In Whitehead’s scheme there is no equivalence with regard to the temporal ontology of past and future. There is no space-time block. There are multiple timelines in Whitehead’s relativistic pluriverse. His metaphysical scheme is perspectival, meaning that any statement about the cosmos must be situated in some actual occasion (this is Whitehead’s “Ontological Principle”). There is no view from nowhere. Each actual occasion brings forth its own space and time. Each occasion has its own world-line (to use the Einsteinian term), and these lineages or historical routes of becoming are complexly interwoven with one another. There is no “cosmic now” that moves like a sheet of glass out of a single past into a single future. There is no cosmic calendar that tracks the linear progression of a single system from beginning to end. Whitehead’s is a chaotic or nonlinear dynamical cosmogenesis rather than a closed mechanical universe.

Each occasion is individual, self-creating, atomically arising out of its past and launching itself into its future. Each occasion must appropriate time for itself, and it must do so in relation to every other occasion’s appropriations. We become individually without being divided, and we need divine help to do so, even though not even God knows where we are going. There is an eternal intention, a perfect “real potentiality” forming a virtual continuum and granting spatiotemporal solidarity between all occasions (Whitehead calls it “the extensive continuum” on PR 286), but this continuum’s holy character is always incomplete and forever in process, jointly realized by the decisions of the democracy of creaturely occasions composing the pluriverse, rather than being imposed upon them from beyond. The single, unified whole is never finished but is continually made whole again and again with each concrescent pulse of creativity occurring within it.

We can try to understand ourselves by looking backward at our origin, “downward” into bodily perception in search of its efficient causal essence. Whitehead pursued this vector and at the ground of physical becoming discovered God’s primordial nature, the real potentiality informing every actuality. But we can also partake in God’s consequent vector, in the final cause of this our cosmogenesis, realizing the divine future ideal as though it were already, eternally, present.

To make this all perhaps a bit more concrete, here is William James (perhaps Whitehead’s most important philosophical influence) speaking to the efficacy of prayer:

“The religious phenomenon, studied as in Inner fact, and apart from ecclesiastical or theological complications, has shown itself to consist everywhere, and at all its stages, in the consciousness which individuals have of an intercourse between themselves and higher powers with which they feel themselves to be related. This intercourse is realized at the time as being both active and mutual.  If it be not effective; if it be not a give and take relation; if nothing be really transacted while it lasts; if the world is in no whit different for its having taken place; then prayer, taken in this wide meaning of a sense that SOMETHING IS TRANSACTING, is of course a feeling of what is illusory, and religion must on the whole be classed, not simply as containing elements of delusion–these undoubtedly everywhere exist–but as being rooted in delusion altogether, just as materialists and atheists have always said it was.  At most there might remain, when the direct experiences of prayer were ruled out as false witnesses, some inferential belief that the whole order of existence must have a divine cause.  But this way of contemplating nature, pleasing as it would doubtless be to persons of a pious taste, would leave to them but the spectators’ part at a play, whereas in experimental religion and the prayerful life, we seem ourselves to be actors, and not in a play, but in a very serious reality.“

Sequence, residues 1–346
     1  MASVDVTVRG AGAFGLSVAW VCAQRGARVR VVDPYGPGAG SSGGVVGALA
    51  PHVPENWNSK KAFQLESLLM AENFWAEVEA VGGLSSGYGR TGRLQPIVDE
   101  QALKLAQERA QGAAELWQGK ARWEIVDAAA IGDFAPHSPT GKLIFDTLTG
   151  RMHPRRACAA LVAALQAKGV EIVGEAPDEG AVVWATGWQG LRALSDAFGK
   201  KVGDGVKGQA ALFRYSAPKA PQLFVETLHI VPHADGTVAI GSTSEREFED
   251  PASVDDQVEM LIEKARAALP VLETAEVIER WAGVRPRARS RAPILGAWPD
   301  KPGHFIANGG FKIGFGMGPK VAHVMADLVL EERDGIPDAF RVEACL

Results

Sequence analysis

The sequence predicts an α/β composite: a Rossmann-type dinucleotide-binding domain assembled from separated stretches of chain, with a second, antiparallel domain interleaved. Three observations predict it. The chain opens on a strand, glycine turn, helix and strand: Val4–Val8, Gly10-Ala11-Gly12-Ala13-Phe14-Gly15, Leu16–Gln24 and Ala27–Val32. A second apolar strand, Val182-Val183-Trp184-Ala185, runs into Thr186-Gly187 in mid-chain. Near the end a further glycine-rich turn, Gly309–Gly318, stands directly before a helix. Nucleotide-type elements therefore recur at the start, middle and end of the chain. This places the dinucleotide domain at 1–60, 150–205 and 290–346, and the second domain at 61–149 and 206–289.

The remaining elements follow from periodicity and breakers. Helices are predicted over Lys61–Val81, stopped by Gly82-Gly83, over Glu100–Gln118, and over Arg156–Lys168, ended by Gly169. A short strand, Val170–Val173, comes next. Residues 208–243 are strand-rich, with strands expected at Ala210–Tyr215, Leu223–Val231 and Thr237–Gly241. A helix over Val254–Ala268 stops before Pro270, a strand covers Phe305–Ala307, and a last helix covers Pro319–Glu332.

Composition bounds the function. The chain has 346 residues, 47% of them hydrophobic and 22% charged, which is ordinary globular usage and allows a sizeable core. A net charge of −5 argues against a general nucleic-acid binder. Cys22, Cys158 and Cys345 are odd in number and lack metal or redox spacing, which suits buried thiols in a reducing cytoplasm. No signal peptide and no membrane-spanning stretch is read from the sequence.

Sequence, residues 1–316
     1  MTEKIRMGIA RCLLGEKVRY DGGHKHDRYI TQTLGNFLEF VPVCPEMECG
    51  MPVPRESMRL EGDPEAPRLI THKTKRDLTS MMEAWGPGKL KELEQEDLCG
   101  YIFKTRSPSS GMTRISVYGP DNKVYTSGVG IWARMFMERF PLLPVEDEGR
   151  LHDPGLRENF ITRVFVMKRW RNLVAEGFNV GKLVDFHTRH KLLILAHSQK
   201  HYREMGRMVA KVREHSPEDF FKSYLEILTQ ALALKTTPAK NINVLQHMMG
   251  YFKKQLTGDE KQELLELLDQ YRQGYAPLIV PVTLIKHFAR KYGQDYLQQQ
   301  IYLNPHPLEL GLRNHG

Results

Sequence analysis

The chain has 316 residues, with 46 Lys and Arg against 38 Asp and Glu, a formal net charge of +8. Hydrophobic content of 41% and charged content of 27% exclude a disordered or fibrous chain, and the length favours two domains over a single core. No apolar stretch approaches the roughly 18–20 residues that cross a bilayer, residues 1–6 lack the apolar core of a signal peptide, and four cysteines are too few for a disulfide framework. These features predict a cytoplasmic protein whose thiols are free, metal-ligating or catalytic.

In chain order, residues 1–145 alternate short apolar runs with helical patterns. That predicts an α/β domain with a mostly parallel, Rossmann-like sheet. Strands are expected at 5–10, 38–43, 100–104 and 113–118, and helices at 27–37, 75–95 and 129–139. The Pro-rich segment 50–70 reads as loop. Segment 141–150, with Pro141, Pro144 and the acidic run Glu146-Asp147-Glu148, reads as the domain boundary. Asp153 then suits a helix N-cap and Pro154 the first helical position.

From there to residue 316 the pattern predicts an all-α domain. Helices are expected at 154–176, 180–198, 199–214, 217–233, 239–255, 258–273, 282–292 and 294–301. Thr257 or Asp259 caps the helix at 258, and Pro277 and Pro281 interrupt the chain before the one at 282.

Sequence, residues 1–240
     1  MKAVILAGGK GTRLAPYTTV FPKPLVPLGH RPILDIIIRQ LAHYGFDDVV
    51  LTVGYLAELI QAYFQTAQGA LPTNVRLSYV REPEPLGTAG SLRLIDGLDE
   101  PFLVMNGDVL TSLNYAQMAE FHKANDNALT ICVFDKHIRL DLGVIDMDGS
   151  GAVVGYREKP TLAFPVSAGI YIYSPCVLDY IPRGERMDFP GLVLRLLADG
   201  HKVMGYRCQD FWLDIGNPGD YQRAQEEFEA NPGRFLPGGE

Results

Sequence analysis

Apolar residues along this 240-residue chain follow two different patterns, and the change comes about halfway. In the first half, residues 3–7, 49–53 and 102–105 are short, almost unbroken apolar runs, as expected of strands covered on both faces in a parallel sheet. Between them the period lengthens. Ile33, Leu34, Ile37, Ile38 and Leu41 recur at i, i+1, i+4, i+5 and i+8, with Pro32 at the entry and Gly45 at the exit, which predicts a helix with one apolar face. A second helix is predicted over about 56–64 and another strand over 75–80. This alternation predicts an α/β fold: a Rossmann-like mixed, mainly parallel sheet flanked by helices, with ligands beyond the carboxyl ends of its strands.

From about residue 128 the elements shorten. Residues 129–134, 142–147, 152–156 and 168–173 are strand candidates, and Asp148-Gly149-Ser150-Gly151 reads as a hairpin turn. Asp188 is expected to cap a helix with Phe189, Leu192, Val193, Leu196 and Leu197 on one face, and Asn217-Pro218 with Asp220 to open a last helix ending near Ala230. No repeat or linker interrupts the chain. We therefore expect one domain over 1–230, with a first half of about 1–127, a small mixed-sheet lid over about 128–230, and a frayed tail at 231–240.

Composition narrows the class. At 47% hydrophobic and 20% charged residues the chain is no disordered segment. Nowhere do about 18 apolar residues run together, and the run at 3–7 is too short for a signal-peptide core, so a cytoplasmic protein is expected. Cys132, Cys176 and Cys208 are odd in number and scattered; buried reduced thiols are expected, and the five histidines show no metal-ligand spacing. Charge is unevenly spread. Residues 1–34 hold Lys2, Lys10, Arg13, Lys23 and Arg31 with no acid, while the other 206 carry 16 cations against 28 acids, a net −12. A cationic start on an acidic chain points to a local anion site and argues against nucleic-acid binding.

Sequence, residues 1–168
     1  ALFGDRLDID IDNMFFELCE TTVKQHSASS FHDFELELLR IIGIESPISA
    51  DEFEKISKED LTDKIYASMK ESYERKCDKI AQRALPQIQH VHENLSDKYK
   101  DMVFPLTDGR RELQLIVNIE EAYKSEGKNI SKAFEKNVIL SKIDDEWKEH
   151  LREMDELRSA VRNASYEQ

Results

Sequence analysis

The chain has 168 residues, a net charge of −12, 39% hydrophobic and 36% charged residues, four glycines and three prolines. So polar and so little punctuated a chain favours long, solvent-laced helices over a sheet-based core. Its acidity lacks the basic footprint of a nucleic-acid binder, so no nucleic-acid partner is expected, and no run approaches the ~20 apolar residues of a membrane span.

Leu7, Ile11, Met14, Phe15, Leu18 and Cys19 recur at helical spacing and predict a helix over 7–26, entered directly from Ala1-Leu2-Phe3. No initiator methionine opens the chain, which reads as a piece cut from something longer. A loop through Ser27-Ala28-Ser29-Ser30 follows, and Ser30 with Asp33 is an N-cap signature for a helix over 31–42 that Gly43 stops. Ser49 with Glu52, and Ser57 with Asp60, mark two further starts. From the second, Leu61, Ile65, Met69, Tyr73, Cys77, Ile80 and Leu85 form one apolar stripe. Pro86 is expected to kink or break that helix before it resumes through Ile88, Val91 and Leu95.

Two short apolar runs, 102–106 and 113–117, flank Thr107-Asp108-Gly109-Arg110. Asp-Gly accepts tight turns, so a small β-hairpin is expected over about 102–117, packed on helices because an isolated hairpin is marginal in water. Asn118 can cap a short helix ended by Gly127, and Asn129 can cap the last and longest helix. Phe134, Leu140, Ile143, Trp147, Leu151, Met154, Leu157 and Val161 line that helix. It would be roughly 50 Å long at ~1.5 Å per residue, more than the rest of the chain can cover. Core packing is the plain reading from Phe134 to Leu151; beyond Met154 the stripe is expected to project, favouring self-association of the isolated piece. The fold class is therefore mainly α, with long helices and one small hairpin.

Varieties of Religious Experience

I hope bringing James’ statement about prayer into the fold makes the metaphysical problem Whitehead is trying to address that much more concrete and close to home. Unless we finite creatures can have some form of transaction with God,—unless God is receptive, moved, by what happens to us,—then what’s the point of religion? 

God’s reversal of the polarity of experience is, I think, both one of Whitehead’s most ingenious moves as well as one of his most enigmatic. He is emphatic that he does not want his process theology to succumb to the age old habit of paying metaphysical compliments to God as the supremely exceptional being that breaks all the rules governing the rest of reality. The reversal of polarity (such that the mental pole is first, followed by the physical) is the one exception he grants to God.

But is this really exceptional? After all, are not we as human metaphysicians somehow also partaking in this reversal when we contemplate the divine nature? I think we are! 

This is the deeply participatory dimension of Whitehead’s thought that he does not always explicitly foreground. His theologizing is in this way a lot like the theurgizing of the Neoplatonists. When we think Whitehead’s God, we are in effect uniting with God, partaking of the divine nature, experiencing infinitely rather than finitely (with the mental pole first). 

Of course, in Whitehead’s view, religion, prayer, and God-thinking/talking are not about petitioning God for miracles. “God’s power is the worship God inspires.” Rather, prayer is more about learning to shut up to listen for God, sensitizing ourselves to the prime feeling or initial Eros that shepherds cosmic becoming.